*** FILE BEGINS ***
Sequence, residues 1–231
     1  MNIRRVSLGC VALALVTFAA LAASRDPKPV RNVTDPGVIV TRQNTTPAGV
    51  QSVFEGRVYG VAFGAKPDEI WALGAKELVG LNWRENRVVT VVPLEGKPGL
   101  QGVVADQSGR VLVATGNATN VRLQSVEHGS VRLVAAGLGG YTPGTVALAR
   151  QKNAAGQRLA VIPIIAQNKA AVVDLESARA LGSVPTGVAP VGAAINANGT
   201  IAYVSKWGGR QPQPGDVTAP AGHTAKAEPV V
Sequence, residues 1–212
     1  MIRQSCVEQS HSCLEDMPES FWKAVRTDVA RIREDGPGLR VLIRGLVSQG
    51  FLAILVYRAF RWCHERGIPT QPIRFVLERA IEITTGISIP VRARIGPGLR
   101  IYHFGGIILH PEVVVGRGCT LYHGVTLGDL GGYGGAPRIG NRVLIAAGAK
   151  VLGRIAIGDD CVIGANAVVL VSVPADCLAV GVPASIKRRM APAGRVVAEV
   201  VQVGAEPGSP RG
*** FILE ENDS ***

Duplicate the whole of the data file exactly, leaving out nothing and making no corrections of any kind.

Sequence, residues 1–231
     1  MNIRRVSLGC VALALVTFAA LAASRDPKPV RNVTDPGVIV TRQNTTPAGV
    51  QSVFEGRVYG VAFGAKPDEI WALGAKELVG LNWRENRVVT VVPLEGKPGL
   101  QGVVADQSGR VLVATGNATN VRLQSVEHGS VRLVAAGLGG YTPGTVALAR
   151  QKNAAGQRLA VIPIIAQNKA AVVDLESARA LGSVPTGVAP VGAAINANGT
   201  IAYVSKWGGR QPQPGDVTAP AGHTAKAEPV V
Sequence, residues 1–212
     1  MIRQSCVEQS HSCLEDMPES FWKAVRTDVA RIREDGPGLR VLIRGLVSQG
    51  FLAILVYRAF RWCHERGIPT QPIRFVLERA IEITTGISIP VRARIGPGLR
   101  IYHFGGIILH PEVVVGRGCT LYHGVTLGDL GGYGGAPRIG NRVLIAAGAK
   151  VLGRIAIGDD CVIGANAVVL VSVPADCLAV GVPASIKRRM APAGRVVAEV
   201  VQVGAEPGSP RG